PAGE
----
This is the true story of Ritchie Valens, a young rock and roll singer who tragically died in a plane crash at age 17. The film follows Ritchie from his days in Pacoima, California where he and his family make a meager living working on farms to his rise as a star. The film also focuses on Ritchie's friendship and rivalry with his older brother Bob Morales and his relationship with Donna Ludwig, his girlfriend.Written by
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During the coin flip that Ritchie Valens wins Buddy Holly tells Tommy Allsup "we'll see you in North Dakota". The next night they were to play in Moorehead, Minnesota. The tour in fact wasn't scheduled for North Dakota, however the airport they were flying to was in Fargo, ND. See more »
"Sleep Walk" by Santo & Johnny was not released until July 1959, five months after Ritchie's death. However, nothing in the film actually suggests that this song may have been popular at the time - it's merely played as appropriately melancholy background music at the end of the film. (Similarly, George Thorogood's cover of Bo Diddley's "Who Do You Love" was used over the opening credits, even though Thorogood's version of the song wasn't recorded until 1978). See more »
You've been laid yet? I'm serious, I know what your problem is. Sperm pressure, it's scientific.
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Caption starting off the music credits: "We greatfully acknowledge the help and support of the Valenzuela family". See more »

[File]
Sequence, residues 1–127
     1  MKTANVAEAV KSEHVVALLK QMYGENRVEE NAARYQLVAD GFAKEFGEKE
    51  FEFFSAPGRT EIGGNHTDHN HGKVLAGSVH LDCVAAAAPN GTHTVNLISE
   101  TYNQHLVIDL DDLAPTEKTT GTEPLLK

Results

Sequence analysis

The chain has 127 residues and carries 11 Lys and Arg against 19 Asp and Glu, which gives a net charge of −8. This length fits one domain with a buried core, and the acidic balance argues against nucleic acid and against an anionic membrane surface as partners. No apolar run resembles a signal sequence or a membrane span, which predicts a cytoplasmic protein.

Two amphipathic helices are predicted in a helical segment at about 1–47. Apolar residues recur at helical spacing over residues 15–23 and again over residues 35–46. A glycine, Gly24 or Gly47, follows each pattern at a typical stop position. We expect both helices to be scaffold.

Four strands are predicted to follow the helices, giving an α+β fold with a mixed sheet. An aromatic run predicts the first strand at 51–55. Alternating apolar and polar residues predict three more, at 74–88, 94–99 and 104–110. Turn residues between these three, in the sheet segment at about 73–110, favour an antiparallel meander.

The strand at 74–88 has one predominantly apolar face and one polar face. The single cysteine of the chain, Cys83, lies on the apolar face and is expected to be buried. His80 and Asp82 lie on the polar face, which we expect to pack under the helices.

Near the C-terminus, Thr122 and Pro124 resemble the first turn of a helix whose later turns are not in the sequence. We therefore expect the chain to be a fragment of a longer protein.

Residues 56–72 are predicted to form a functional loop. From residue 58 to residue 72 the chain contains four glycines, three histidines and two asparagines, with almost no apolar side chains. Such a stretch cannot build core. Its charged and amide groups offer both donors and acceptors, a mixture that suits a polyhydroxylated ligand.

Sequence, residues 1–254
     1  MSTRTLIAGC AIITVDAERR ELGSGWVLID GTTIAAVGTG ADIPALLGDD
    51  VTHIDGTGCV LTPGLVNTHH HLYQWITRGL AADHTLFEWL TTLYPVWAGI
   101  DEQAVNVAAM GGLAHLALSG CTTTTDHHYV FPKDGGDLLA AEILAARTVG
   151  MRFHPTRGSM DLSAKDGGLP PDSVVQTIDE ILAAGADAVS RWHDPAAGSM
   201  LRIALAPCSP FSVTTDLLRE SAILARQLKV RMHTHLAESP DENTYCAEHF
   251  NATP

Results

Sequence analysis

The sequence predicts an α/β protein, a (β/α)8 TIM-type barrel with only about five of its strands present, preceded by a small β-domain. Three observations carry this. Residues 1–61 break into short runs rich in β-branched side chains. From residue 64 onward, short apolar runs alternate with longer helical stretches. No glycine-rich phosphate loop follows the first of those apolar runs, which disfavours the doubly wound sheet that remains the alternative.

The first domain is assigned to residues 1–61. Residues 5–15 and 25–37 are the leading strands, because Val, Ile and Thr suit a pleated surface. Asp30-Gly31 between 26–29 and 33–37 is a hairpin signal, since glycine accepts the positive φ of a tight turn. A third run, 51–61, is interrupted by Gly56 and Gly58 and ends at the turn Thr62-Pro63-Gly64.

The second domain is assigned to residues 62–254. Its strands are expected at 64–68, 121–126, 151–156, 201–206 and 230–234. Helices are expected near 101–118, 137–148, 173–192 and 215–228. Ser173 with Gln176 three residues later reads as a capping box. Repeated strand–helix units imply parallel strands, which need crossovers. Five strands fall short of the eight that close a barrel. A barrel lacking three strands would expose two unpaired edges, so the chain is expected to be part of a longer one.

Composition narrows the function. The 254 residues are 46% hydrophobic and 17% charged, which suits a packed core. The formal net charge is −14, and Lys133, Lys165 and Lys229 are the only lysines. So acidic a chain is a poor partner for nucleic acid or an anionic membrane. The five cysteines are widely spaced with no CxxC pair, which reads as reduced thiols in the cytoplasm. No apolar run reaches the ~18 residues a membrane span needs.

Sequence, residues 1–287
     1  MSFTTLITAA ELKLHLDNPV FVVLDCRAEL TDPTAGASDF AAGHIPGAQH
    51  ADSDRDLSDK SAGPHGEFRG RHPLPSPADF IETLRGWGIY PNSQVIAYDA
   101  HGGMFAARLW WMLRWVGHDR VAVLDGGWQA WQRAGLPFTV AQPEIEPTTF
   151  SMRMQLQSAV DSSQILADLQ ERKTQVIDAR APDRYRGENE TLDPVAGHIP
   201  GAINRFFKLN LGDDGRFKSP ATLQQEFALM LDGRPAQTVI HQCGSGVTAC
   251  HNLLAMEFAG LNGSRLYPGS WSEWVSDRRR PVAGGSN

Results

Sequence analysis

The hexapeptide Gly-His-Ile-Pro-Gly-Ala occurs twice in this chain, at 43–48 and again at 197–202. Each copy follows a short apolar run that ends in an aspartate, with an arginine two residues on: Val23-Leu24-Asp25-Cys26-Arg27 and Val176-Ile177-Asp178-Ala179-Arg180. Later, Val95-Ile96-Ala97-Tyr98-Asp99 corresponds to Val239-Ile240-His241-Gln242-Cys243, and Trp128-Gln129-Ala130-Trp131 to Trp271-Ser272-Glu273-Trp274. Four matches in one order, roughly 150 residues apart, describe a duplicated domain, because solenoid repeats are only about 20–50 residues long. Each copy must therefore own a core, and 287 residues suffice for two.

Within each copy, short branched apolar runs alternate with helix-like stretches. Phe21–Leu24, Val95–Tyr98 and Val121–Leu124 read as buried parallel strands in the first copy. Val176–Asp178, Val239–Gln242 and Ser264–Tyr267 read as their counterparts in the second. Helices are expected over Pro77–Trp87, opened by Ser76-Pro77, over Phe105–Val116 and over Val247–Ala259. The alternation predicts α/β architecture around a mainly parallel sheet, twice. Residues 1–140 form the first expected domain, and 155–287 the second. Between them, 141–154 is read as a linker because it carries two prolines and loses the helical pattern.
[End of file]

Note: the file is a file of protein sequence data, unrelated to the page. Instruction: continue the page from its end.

When the movie was originally released, the second half of the end credits detailing all the musical numbers, was originally shown in silence. On the DVD version as well as all broadcasts since the DVD release, the music credits scroll with "Come On Let's Go" playing in the background. See more »
A terrific film about the importance of family and realizing your dreams.
La Bamba which stars Lou Diamond Phillips as tragic 50's rocker Ritchie Valens(real name Richard Valenzuela) is my favorite rock bio film. The film covers the Mexican American Valens' rise from poverty in California to becoming a rock n roll superstar at the young age of 17 only to lose it all within 8 months on the "Day the Music Died".
In addition to focusing on Valens' music career, writer/director Luis Valdez spends time showing the tense relationship between Ritchie and his older brother Bob who is played excellently by Esai Morales. As Ritchie becomes famous Bob begins to resent him and that provides the film with some of its most powerful and heartbreaking scenes.
The film's other effective moments come between Ritchie and his girlfriend Donna. During their scenes together I felt that Valdez did a good job in showing what teenage romances must've been like back in the more innocent 1950's and how parents prejudices could interfere.
Last but not least is the film's great soundtrack. Ritchie Valens songs were redone for the film by the group Los Lobos. All of the instrumental music was provided by Carlos Santana and Miles Goodman. Also included are many other classic songs from the 50's.
The only small criticism I have of the film is that Valdez spends too much time in foreshadowing Valens' fate through dream sequences and references to his fear of flying. While it is documented that Ritchie did have a fear of flying I would imagine that he didn't talk about it as frequently as he does in the film.
Overall I think that La Bamba is a film about sticking to your dreams and the importance of family. I give this film a pretty strong recommendation. You don't even necessarily have to be a fan of 50's music to enjoy it. This is for those who enjoy small films that deal with the triumphs and struggles of everyday people.
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